For the first 1-2 years, I think, I've used Emacs as little more than a glorified Notepad clone (in fact, I even used it with cua-mode). I think my .emacs file was barely ten lines long. I was transitioning to Emacs from nedit, an old-ish Unix editor with a Motif UI that was getting increasingly difficult to digest and kept crashing and had trouble with Unicode and man I'm old... anyway, all I really needed it to do was let me write text and paint it in pretty colors sometimes.
I then sort of picked up its features one by one, as I needed them. The keybindings came first, because it was weird the arrow keys for motion and the other keys for everything else. Then I got a larger monitor and I could fit more than two windows on it and I installed window-mode so that I could switch between windows with M-1, M-2 and so on.
(Please remember this was 2005 or 2006 or something, a 21" CRT was a big deal for me...)
That's pretty much how I picked up everything else: first big C project was how I picked up xrefactory, then xcscope. First time I had to do big merges was how I picked up ediff, and so on.
The best thing about having something as scriptable and customizable as emacs is being able to make it work exactly the way you want it. Making it work exactly the way someone else wants it sort of defeats the purpose, I mean, any editor already works the way someone else wants it.
Edit: ah, yes, to address some of your pain points:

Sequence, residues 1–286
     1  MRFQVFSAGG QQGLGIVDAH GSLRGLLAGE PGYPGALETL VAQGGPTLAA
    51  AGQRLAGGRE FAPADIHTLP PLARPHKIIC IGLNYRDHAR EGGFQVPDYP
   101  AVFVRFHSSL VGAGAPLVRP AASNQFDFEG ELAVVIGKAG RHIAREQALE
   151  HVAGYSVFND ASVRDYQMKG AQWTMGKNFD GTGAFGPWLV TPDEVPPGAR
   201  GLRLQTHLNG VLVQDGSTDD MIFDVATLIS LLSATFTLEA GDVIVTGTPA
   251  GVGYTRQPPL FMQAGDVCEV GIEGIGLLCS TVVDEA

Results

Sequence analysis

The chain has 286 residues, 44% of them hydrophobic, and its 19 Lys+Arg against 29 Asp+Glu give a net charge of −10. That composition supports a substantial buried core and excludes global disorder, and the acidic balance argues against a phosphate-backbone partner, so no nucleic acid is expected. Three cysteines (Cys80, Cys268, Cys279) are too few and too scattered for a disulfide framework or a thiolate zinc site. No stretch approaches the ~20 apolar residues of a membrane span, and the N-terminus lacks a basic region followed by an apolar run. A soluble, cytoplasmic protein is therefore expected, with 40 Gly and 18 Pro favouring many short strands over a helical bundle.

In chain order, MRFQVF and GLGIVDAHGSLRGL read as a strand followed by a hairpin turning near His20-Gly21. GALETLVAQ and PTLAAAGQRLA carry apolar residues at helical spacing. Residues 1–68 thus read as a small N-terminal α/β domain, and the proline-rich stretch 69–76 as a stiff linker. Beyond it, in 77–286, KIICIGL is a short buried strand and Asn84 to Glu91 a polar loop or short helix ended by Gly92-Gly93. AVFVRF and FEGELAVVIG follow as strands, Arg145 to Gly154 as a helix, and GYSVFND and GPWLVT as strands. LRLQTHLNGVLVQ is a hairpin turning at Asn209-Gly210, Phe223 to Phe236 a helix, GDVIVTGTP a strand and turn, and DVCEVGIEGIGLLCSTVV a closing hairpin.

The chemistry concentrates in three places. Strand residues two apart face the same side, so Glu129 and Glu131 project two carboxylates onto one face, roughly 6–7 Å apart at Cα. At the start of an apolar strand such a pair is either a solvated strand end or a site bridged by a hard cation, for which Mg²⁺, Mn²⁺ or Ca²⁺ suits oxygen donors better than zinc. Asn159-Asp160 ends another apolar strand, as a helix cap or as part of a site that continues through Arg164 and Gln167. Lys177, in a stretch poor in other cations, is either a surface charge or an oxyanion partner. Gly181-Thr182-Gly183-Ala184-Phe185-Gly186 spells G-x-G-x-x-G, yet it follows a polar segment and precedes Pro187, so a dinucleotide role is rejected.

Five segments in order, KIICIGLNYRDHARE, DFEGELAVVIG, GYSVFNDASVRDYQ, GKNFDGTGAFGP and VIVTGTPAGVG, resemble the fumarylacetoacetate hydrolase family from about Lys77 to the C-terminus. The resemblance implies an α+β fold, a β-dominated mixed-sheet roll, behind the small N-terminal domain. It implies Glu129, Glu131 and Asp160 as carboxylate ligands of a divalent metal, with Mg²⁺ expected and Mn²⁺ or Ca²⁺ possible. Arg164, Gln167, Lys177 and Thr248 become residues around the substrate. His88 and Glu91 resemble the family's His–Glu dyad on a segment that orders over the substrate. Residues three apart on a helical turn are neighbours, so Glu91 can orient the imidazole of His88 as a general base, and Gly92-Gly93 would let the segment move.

- Remote editing: look into something called tramp-mode. It's not perfect, and I, for one, use it sparingly, but it may fit your use case.
- Weird key combinations: I'm not sure what to say other than "you get used to them". It may be worth looking into how i3 deals with this stuff, too. I no longer use a tiling WM, but when I used ratpoison, it fit near Emacs pretty well -- I bound C-t to Ratpoison's prefix key, and just didn't use C-t for anything in Emacs. But then again, Ratpoison (and its successort, scrotwm) were both written by Emacs enthusiasts, and used similar key sequences.
If you're curious about anything else, ask away :-)
Last thing I heard was that Guile-Elisp (and by consequence Guile-Emacs) is working, but very slow. That can be fixed but requires work. Also, Emacs internally uses a different string representation from Guile. This makes the transition between languages tough and some more glue is required.
IMHO Guile-Emacs is "nearly there". I.e. with just a little more work it could have enough momentum and attract developers to be on the trajectory of becoming the default elisp implementation in the long term.